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Zoran snapped up by hungry CSR – becomes $1 billion class chip player

Zoran suddenly became interesting

By PETER WHITE

Published: 24 February, 2011

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Zoran suddenly became interesting. Actually it’s been quite interesting for a long time, and we tried to drum up some excitement when it acquired Microtune last year, but its small scale has always legislated against it. It seemed destined to pick up low level SoC contracts for smaller equipment suppliers, and was always the chip company that thought it could. Now that it’s been bought by Cambridge Silicon Radio, the UK Bluetooth and GPS giant, it has the potential to rapidly become the little chip company that can.

This is not a merger that we predicted, but that’s mostly because of the broad nature of both companies and their trans-Atlantic cultural differences, but now that the deal is “out there,” is seems a natural. We think it reflects two globalizing trends, it targets the high growth area of “connected” devices, taking it up against suppliers like Broadcom and Texas Instruments, and at the same time acknowledges that this world is polarizing into larger and larger suppliers or clusters of suppliers, and this requires “bigger” chip suppliers.

What it perhaps indicates is that every fabless chip company, whether they are in WiFi, Bluetooth, GPS, video acceleration, graphics cores, audio and video codecs, set top SoCs, “no new wire” TV connectivity like MoCA, or in 60 GHz Wireless or a variety of other disciplines – they all need scale to reach out to the rapidly growing sectors of connected devices, be they Tablets, smartphones, TVs or handheld game consoles.

When these two come together they will broach the $1 billion barrier and are on course for $1.2 billion or more. CSR’s results were a little on the flat side last quarter maintaining a strong gross margin at 48.7% but falling in the quarter on cash generation and profit. For the year CSR finished with revenues of $800.6 million, an operating profit of $79 million and cash generation of $78 million.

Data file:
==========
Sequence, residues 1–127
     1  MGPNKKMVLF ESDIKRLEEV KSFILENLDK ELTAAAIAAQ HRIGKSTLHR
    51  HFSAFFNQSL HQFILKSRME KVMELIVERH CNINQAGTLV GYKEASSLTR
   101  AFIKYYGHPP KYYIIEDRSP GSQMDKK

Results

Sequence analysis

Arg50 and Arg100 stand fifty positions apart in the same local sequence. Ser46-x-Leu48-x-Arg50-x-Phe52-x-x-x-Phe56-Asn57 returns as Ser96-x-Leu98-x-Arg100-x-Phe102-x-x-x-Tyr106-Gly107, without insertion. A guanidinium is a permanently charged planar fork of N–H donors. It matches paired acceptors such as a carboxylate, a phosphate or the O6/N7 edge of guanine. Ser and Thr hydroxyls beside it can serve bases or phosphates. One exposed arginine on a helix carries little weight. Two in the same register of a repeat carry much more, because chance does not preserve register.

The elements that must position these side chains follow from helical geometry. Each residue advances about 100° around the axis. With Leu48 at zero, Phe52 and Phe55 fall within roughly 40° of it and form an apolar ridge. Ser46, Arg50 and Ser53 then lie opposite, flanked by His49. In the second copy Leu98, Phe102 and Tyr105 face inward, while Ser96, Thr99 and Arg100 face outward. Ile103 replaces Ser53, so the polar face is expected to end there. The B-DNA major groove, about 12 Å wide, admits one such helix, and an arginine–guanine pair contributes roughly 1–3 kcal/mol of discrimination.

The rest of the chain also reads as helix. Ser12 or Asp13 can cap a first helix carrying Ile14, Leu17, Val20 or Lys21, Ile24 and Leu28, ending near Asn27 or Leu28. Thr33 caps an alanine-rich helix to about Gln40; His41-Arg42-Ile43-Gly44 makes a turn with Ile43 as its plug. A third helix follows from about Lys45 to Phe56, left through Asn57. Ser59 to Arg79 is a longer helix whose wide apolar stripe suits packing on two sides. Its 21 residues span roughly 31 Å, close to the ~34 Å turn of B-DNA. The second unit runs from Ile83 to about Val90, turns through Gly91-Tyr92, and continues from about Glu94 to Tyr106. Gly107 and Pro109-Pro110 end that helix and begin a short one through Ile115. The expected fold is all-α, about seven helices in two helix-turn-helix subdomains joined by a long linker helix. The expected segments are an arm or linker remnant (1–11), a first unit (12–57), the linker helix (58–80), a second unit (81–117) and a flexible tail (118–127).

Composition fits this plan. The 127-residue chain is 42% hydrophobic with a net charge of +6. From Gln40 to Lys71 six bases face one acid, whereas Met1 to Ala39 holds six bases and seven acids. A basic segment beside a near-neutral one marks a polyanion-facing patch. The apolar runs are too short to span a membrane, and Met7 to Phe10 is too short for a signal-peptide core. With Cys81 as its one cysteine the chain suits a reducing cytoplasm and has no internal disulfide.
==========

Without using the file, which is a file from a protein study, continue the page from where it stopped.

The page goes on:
In the final quarter it suffered amortization costs for goodwill as well as share option charges, and integration and restructuring charges on buying companies, and of course that big, but pleasantly final settlement it had with Broadcom over GPS technology which took $60 million off the bottom line. The company was so impressed with progress is paid a dividend for the first time.

CSR has made its previous $136 million stock purchase of Sirf Technology Holdings work for it, after buying it for a steal in the recession in February 2009, a move which added GPS to its portfolio. The company is already present in many handsets of the back of that deal, and said when its results came out that the Sirf technology, plus its own CSR8000 low power Bluetooth, for headsets, had both enjoyed significant design wins. It also said that its progress in WiFi was also gratifying which had, on its own pulled in 30 design wins throughout 2010. At Mobile World Congress, CSR was showing off extremely low power Bluetooth, taking signals from a nearby phone to an NEC built watch, for signaling call and message arrival. It also staked a claim for Android low energy Bluetooth for tablets. So far Android has not make a real feature of Bluetooth, but it’s likely that it will.

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